As part of my quest for a successor to my Street Triple 675 (to give the old girl an easy retirement) I’m interested in trying out the younger generation. I’m not sure I want to buy the ‘same’ bike again but I am curious to discover just how things have moved on, and you never know, it may just end up being the best bike.
I re-read @MrsVisor’s excellent review of her R tonight. I noted that the ride is a little on the rigid side even with the supposedly more road oriented version of the bike. Did you get that suspension set up in the end, MrsV?
If the R is stiff, I presume the RS will be even more harsh for some of our dodgy British highways. Has anyone tried both variants and if you have, just how much difference is the with the ride and overall performance etc? The specs look almost identical so where does the extra £1500 go?
Which one have you got, @Sandi? I can’t keep up with everyone’s bikes.
When I’d had my gen 2 Tuono about 5 years it was starting to feel a bit so-so but i loved the bike, it just needed a bit of livening up, i decided to give it a re-fresh, i ordered a nitron shock built for my weight about £600 at the time. Full new monobloc calipers, arrow titanium downpipes to go with the titanium cans I had already, tuned and chipped and the front end I did myself, I got some bits trade through the aprilia dealer i worked part time at. It was worth every penny, i kept the tuono another 5 years after that and only sold it when Mrs W asked me to slow down and I still miss it. Maybe a few grand on some trinkets might be worth a look? You’ll never get your money back, but a new bike drops 30% once you ride it off the forecourt, just a thought
I don’t know so out of speculation I reckon the low ride height version may be harder due to slightly less suspension travel?
The R is softer than the RS. I had the first gen 765RS, it was hard but you could get a reasonable level of comfort out of it. Now have the current 765RS and it has been softened from the previous model and IMO pretty much perfect! I do end up on a lot of bumpy roads.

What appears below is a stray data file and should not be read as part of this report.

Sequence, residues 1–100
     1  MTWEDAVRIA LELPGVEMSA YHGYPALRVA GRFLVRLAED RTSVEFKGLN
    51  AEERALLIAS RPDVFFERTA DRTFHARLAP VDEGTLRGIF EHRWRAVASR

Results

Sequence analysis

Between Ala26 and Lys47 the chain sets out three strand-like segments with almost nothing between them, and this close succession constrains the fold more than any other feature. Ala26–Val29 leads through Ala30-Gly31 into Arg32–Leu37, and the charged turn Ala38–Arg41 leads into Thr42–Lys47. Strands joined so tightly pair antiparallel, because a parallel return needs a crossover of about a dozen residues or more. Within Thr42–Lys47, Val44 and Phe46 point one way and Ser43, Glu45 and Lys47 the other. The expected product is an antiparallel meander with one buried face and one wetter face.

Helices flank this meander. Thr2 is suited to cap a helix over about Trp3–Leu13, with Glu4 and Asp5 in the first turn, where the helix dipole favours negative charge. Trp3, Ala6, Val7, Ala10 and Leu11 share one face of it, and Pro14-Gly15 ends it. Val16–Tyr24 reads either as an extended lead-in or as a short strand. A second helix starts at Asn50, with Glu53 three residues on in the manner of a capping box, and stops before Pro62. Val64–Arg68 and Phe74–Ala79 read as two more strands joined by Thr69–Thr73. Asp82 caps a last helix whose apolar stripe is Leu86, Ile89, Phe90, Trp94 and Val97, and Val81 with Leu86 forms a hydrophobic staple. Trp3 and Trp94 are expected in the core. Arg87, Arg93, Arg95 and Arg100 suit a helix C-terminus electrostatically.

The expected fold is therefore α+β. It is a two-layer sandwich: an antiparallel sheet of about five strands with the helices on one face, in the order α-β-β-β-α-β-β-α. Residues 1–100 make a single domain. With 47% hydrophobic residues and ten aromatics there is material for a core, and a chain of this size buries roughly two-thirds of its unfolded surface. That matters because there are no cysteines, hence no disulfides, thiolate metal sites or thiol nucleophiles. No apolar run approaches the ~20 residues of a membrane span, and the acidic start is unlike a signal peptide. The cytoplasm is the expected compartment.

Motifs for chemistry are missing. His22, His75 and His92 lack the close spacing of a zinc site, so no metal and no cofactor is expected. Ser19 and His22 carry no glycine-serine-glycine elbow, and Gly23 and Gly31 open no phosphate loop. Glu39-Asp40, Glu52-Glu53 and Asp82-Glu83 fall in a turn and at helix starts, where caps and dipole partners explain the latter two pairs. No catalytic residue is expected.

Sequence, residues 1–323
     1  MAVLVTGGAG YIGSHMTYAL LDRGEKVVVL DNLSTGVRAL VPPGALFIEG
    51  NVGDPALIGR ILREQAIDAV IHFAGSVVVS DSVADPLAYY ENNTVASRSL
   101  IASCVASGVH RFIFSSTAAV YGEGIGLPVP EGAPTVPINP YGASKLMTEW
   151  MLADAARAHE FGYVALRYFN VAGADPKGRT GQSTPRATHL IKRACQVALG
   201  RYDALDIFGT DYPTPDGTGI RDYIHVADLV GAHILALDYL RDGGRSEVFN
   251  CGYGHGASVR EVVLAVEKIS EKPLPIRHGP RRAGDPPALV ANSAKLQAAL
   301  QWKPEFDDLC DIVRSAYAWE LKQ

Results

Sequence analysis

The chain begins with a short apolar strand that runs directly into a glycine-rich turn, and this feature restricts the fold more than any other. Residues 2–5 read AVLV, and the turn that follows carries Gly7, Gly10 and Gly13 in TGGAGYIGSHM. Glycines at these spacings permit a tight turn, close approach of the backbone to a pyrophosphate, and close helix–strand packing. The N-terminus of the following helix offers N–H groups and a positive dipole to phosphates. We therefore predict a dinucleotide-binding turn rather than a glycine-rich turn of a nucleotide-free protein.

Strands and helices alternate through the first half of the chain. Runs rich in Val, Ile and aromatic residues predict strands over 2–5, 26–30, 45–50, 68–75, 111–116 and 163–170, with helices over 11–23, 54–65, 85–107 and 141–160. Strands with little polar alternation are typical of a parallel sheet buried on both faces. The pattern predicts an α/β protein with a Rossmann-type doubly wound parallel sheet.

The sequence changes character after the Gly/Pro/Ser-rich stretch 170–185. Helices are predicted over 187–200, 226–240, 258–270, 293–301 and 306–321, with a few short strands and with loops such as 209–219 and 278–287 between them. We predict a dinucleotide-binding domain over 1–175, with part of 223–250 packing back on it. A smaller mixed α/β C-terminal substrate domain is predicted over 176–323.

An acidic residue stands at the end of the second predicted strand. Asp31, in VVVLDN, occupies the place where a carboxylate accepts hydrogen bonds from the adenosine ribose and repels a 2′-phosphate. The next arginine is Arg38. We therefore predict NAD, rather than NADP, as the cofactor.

I’m a huge fan of the Street Triple, I’ve had 3. Had a Speed Triple somewhere in between too but that was stupid hard! And the 2016 model I had was actually slower than the current 765’s. Been saying for years, the Street Triples are Triumphs best machines everything considered. They will provide the biggest grins.
Edit, for the first gen 765’s, I’d go for the R. For the current model, go RS since it has more plush ride akin to the previous R and the mid range torque of the R.
@Andyc1 that makes sense re LRH models - I know that a user from the other forum finds his hard and also rides the LRH. @Octoberon I have not yet had my suspension set up but must do soon. I was taking to @HelmutVisor about this yesterday and he didn’t find it as harsh, but weighs a fair bit more than I do - I am not tiny but at around 58kg or so I am likely lighter than it is set up at the factory for. Pure speculation. I have just looked and the new model also has a “comfort” riding mode, whatever that is!